What we know about coronavirus now is very different to what we thought at the beginning

As a former medical adviser in four administrations, I recognize the position we're in now. During the emergence of HIV/AIDS, we also thought we'd find a vaccine soon

Saralyn Mark, MD
New York
Thursday 30 July 2020 19:30 BST
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When HIV appeared, we did many of the same things we've done with coronavirus — and we believed there would be a vaccine
When HIV appeared, we did many of the same things we've done with coronavirus — and we believed there would be a vaccine

As infection and death rates from Covid-19 soar and stories of despair and health inequities abound, I'm having deja vu to my days as a medical student at NYU and a resident and fellow at San Francisco General in the beginning of the HIV/AIDS pandemic — another RNA virus which transformed the medical landscape.

So much we didn't know when a new disease descended upon our shores. Patients presented with an acute illness who would then feel better, but still be infectious, then progress to a chronic infection and full-blown AIDS and immunosuppression. The meds, some at too-high doses, caused severe side effects. We held a cherished belief that a vaccine was around the corner.

Packed HIV clinics and hospital admissions for AIDS complications were a significant part of my training. This all sounds familiar today, right down to the opening of specialist Covid-19 clinics across the country. New doctors coming of age will experience what my colleagues and I faced so many years ago.

The uncertainties on how Covid-19 is transmitted harkens back to the days of HIV and the questions we had about whether you could get it from just touching someone or a surface. Now, as the novel coronavirus ravages populations across the globe, fear and uncertainty about what to do and not to do to protect ourselves fill our thoughts and alter our behaviors — or at least the behaviors of some of us.

In the early days of HIV/AIDS, we tried to educate the public and our peers about safe practices and to mitigate fear and prejudice. It was a huge challenge. I recall hearing Dr Fauci share these messages, much as he is doing today. It took a long time for the public to understand that HIV couldn't be transmitted by a hug or to understand that this wasn’t a disease which only affected gay men. Children who had been infected through blood transfusions or by maternal-fetal transmission faced abhorrent discrimination; the prejudice faced by the LGBTQ community is now well-known and shameful.

Through the Ryan-White Act and active educational efforts, the public began to understand the nature of HIV. But it took time — lots of time — and fervent activism from advocates fighting quite literally for their lives.

We are now seeing patients infected with Covid-19 present with new and more severe symptoms weeks and months after they tested positive for the virus, and even for antibodies. Is this a chronic form of the disease due to re-activation of the virus or an immune reaction in overdrive? Or is it due to a new infection primed by the first one? We just don't know. Much like the early days of HIV, every patient provided a new snapshot of a virus which we would need to learn to live with and adapt our behaviors to survive.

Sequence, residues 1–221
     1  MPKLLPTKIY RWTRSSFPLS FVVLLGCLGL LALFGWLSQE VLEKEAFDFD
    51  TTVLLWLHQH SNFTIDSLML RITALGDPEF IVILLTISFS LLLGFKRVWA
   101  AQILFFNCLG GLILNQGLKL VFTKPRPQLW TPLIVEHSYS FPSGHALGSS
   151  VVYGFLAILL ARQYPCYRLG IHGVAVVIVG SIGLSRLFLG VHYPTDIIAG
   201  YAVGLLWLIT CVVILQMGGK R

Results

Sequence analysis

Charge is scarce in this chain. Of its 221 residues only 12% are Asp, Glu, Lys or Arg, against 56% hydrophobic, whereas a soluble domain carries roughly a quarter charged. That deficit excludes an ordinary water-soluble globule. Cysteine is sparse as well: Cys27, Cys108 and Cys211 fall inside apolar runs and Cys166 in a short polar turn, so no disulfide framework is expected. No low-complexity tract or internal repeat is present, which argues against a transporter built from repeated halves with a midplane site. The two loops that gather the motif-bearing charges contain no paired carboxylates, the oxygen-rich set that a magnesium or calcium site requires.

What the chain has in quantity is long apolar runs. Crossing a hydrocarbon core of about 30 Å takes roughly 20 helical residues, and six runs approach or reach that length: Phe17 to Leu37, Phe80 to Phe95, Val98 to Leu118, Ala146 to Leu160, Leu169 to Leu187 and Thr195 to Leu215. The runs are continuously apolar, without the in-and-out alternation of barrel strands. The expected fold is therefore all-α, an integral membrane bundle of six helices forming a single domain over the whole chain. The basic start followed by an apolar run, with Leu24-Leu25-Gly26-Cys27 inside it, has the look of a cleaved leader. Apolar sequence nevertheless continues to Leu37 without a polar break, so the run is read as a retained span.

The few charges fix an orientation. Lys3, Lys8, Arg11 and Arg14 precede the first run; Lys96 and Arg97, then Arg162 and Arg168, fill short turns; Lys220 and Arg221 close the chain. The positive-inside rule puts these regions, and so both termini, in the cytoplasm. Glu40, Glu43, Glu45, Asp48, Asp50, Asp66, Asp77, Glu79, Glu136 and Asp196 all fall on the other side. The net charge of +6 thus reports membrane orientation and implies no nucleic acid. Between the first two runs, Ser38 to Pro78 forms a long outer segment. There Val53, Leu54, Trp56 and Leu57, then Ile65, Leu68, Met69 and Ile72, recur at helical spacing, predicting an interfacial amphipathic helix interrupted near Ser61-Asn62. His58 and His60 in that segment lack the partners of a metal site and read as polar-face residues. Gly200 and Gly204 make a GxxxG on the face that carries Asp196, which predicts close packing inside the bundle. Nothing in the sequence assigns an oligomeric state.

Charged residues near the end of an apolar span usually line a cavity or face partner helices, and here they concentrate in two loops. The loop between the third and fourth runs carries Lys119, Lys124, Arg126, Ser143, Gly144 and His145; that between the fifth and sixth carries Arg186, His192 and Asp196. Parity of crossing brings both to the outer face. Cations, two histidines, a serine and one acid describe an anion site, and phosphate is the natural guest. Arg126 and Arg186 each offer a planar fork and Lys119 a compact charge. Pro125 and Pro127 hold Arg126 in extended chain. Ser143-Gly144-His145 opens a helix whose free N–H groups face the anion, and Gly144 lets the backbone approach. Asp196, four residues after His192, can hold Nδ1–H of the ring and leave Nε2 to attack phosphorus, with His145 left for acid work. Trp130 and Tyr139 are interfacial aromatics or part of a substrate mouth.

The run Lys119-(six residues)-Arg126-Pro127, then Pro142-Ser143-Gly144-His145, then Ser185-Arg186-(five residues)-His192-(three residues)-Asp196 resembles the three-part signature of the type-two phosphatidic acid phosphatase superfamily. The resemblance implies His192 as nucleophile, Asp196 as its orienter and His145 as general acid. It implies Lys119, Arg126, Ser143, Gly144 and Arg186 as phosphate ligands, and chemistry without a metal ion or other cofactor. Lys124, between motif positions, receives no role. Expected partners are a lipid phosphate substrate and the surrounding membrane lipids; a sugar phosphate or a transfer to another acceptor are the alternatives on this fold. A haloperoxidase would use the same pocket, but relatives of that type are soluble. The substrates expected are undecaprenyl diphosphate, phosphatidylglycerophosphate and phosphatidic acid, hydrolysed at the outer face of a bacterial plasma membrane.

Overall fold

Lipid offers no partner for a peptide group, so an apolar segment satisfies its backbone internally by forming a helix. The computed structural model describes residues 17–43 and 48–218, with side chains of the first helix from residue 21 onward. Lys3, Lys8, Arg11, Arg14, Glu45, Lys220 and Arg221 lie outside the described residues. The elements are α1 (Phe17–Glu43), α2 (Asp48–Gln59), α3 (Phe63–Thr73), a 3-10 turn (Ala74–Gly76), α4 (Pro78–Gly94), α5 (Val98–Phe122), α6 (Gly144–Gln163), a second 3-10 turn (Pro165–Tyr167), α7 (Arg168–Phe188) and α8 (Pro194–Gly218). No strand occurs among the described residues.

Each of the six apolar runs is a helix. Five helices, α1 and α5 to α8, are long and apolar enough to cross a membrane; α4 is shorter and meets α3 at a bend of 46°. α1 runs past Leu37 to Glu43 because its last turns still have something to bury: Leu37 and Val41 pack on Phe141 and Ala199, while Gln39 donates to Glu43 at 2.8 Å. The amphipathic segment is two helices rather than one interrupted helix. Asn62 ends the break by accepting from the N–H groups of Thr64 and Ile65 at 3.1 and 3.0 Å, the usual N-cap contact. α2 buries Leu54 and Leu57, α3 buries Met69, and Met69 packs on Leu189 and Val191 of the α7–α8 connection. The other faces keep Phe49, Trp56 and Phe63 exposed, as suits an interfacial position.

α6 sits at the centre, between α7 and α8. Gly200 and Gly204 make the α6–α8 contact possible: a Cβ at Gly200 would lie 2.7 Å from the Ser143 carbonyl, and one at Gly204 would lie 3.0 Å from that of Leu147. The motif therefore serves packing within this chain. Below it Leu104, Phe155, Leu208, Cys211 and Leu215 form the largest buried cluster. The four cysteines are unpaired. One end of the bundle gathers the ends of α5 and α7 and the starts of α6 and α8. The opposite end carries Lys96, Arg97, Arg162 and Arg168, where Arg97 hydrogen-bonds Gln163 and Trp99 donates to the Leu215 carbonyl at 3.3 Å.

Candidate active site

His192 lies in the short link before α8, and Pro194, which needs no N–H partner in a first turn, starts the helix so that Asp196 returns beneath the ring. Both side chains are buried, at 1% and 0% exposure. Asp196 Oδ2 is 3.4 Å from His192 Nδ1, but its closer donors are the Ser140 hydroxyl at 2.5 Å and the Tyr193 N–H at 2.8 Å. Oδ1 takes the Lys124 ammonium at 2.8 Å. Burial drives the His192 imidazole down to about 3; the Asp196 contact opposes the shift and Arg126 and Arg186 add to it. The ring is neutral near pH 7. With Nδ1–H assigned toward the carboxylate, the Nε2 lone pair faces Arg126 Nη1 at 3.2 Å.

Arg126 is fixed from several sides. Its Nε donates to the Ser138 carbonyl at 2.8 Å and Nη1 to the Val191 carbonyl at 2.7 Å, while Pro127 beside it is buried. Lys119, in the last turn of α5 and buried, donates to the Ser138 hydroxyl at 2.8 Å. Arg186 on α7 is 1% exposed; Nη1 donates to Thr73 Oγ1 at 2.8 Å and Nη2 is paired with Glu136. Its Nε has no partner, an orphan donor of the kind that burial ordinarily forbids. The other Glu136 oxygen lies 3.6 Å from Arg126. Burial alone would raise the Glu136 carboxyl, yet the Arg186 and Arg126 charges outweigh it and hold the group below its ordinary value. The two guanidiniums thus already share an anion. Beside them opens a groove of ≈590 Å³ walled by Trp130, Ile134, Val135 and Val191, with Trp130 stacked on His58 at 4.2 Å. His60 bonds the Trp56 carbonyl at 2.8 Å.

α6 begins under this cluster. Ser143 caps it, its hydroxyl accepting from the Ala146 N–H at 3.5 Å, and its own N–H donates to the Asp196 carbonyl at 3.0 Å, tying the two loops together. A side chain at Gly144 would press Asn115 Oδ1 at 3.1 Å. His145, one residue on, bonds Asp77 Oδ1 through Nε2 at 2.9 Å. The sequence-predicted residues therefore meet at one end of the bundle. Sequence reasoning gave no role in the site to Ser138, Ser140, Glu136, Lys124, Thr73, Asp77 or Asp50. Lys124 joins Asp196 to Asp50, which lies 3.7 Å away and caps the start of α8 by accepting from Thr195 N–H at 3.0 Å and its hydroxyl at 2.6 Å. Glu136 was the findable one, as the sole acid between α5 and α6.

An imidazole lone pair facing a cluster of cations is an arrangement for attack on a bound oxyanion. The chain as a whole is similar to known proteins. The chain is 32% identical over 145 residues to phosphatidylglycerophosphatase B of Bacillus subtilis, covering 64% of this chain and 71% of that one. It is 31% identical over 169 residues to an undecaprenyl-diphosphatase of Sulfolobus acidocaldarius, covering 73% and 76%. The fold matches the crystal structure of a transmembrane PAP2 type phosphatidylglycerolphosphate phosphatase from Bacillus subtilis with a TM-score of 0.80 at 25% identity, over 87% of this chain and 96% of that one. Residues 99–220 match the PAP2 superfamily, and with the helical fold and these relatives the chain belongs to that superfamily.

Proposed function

Chronic Covid-19 may impact every system in the body as evidenced by shortness of breath, chest pain, body aches, fatigue, rashes and memory impairment, among many other symptoms — and it could be a very serious consequence of infection for people of all ages. Again, just like what we saw in the beginning with HIV, we don't know the cause of these new symptoms, but we do know that patients are suffering. On a positive note, we can take basic steps to slow down the spread of this disease just as we learned to do with HIV.

We need to do a better job today of educating the public about the fact that as information evolves, our policies and practices need to adapt. For example, the public was told to not wear a mask or face covering early on. Now that message has been reversed as the data has confirmed that they can decrease the spread of viral particles. Yet, there are some in leadership and in the public who are unwilling to accept this fact and to pivot to new policies and actions. We need to make it clear that as new data becomes available, it’s best to respond and act accordingly — that is the scientific method at work.

Bottom line: we now have the facts on one critical issue, and that is that masks or face coverings work for all of us. Perhaps, if people fear disability for a long time or the rest of their lives, they will cover up.

It is time for all nations to mandate that masks or face coverings be worn in public at all times — that message could unify the world and save countless lives and economies. It took decades for us to learn how to live with HIV. We don't have that gift of time with Covid-19.

Saralyn Mark is a former Senior Medical Advisor to the White House, HHS and NASA, and the author of 'Stellar Medicine: A Journey Through the Universe of Women's Health'

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